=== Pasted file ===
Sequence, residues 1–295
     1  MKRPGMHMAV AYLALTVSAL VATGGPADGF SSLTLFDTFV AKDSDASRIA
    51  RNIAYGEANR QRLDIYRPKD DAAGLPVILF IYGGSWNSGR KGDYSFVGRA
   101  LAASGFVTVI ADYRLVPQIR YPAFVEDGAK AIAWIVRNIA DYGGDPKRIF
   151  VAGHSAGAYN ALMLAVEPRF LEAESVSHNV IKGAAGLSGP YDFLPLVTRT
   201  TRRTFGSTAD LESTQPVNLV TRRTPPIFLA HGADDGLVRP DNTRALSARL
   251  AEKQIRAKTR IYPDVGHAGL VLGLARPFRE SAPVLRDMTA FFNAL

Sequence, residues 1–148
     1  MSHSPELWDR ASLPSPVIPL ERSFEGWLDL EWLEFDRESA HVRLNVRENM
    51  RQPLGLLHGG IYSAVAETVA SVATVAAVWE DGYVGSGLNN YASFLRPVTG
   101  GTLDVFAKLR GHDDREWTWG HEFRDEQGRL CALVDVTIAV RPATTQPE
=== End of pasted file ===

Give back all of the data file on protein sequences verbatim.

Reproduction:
Sequence, residues 1–295
     1  MKRPGMHMAV AYLALTVSAL VATGGPADGF SSLTLFDTFV AKDSDASRIA
    51  RNIAYGEANR QRLDIYRPKD DAAGLPVILF IYGGSWNSGR KGDYSFVGRA
   101  LAASGFVTVI ADYRLVPQIR YPAFVEDGAK AIAWIVRNIA DYGGDPKRIF
   151  VAGHSAGAYN ALMLAVEPRF LEAESVSHNV IKGAAGLSGP YDFLPLVTRT
   201  TRRTFGSTAD LESTQPVNLV TRRTPPIFLA HGADDGLVRP DNTRALSARL
   251  AEKQIRAKTR IYPDVGHAGL VLGLARPFRE SAPVLRDMTA FFNAL

Sequence, residues 1–148
     1  MSHSPELWDR ASLPSPVIPL ERSFEGWLDL EWLEFDRESA HVRLNVRENM
    51  RQPLGLLHGG IYSAVAETVA SVATVAAVWE DGYVGSGLNN YASFLRPVTG
   101  GTLDVFAKLR GHDDREWTWG HEFRDEQGRL CALVDVTIAV RPATTQPE